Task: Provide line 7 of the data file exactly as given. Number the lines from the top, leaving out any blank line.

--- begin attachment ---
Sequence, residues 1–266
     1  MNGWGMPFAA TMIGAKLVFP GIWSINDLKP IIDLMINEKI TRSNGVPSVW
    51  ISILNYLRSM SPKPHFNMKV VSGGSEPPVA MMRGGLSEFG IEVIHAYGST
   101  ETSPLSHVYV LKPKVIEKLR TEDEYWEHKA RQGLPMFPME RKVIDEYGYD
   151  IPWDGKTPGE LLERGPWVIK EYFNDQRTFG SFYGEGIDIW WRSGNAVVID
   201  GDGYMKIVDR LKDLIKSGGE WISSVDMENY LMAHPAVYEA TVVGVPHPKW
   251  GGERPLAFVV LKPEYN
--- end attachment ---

   251  GGERPLAFVV LKPEYN